I lately passed through Bath on my way to my Revising Circuit <1> & wish I had known you were there <2> as I could have explained matters much better vivá voce <3> than by letter There have been great difficulties to contend with Every good working man <4> is anxious for scientific reform but every one has a plan of his own which differs from his neighbours, & thus no change is made<.> The Ph. Club <5> has at length now got together & although it is quite probable that better things might be done still I think if you should attend any of the meetings you will be of opinion that much good will come of it<.> At all events you may speak your mind freely there & every thing hitherto has been freely & yet courteously discussed The great object is a reorganisation of the Royal Society <6> not the formation of a new body <> two centuries of human labour should not be put aside notwithstanding its present defects the RS has done much & every effort should be made to keep that up even at some sacrifice of what would be more agreeable & more immediately useful<.> A separate society formed of such men as compose the Ph Club would if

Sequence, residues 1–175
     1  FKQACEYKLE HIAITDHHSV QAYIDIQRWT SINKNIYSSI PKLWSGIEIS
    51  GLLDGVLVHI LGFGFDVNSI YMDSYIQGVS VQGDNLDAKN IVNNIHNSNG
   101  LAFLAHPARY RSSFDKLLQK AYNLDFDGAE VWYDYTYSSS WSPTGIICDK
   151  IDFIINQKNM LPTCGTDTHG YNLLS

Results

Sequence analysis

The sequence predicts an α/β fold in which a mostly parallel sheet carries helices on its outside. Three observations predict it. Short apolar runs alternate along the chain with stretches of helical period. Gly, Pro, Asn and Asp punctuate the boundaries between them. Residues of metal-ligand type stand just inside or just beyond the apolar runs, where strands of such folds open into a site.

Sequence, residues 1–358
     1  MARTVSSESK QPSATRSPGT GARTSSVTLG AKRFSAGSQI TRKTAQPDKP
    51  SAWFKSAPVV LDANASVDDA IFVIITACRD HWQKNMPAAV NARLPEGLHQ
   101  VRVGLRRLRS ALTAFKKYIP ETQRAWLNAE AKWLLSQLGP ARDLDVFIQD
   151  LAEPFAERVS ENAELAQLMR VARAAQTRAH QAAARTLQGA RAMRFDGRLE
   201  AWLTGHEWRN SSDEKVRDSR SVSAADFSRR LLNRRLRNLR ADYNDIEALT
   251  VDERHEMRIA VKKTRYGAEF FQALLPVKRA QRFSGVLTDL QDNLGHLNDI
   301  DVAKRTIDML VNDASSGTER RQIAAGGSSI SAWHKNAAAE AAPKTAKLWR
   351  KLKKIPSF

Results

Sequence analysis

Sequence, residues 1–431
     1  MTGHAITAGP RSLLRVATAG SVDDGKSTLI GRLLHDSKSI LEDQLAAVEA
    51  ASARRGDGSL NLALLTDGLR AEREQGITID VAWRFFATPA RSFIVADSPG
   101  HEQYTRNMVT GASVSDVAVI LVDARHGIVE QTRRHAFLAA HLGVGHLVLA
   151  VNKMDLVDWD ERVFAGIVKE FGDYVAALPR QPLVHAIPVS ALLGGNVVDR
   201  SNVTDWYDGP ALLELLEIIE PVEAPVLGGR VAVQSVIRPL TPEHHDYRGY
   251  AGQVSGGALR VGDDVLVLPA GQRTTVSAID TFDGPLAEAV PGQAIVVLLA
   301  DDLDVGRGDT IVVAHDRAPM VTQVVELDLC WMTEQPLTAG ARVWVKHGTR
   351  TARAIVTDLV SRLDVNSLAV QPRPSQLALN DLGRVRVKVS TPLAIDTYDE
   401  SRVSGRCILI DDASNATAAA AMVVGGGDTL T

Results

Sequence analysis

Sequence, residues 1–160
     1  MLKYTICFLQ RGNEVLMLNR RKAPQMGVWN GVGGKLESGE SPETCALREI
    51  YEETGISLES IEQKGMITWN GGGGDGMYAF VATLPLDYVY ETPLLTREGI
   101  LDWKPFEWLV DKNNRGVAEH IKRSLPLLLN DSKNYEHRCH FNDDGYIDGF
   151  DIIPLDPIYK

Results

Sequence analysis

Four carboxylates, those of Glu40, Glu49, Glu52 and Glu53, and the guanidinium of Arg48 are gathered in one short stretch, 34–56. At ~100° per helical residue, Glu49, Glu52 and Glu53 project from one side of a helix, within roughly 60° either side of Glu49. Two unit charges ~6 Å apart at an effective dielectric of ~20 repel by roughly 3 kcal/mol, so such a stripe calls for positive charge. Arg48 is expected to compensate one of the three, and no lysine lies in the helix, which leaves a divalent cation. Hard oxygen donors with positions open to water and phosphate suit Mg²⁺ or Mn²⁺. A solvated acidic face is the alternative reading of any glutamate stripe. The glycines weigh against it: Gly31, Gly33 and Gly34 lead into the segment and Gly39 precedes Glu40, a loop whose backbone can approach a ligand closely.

it [illegible word] at once throw over the RS & if not would create an antagonism greatly injurious to science
[illegible deletion] You will see that there are 3 or 4 evenings on which there is no meeting of the RS & then the discussion my be prolonged to any extent. We have already had some most interesting ones & the dinners have been excellently attended [illegible word] the [2 illegible words] Faraday <7> Herschel <8> R Brown <9> &c &c. have been present I hope you will be at the Next
Yours vy Truly
W R Grove
1. Grove was a leading barrister on the South Wales circuit of assize courts. A Revising Circuit was a periodical series of courts held at the various towns on a circuit in order to bring up to date the local list of parliamentary electors. Milford [now Milford Haven], whence Grove was writing, is on the Pembrokeshire coast.
2. See Doc. No: 05999 dated from Bath, to which this is the reply.
3. by word of mouth; in person
4. In this context, an active scientist.
5. The original Royal Society Club was formed largely for social purposes. However, dissatisfaction over the loosening standards for electing Fellows led to the formation of the Philosophical Club of the Royal Society in 1847. As a dinner club, it sought to preserve the standards of the Royal Society, to encourage respect for science in Britain, and to allow members to make special presentations of their studies. It lasted until 1901, when the two clubs were merged. See also Doc. No: 05825 and Doc. No: 05999.
6. Royal Society of London.
7. Prof Michael Faraday (17911867), scientist.
8. Sir John Frederick William Herschel (17921871), astronomer & scientist.
9. Robert Brown (17731858), botanist.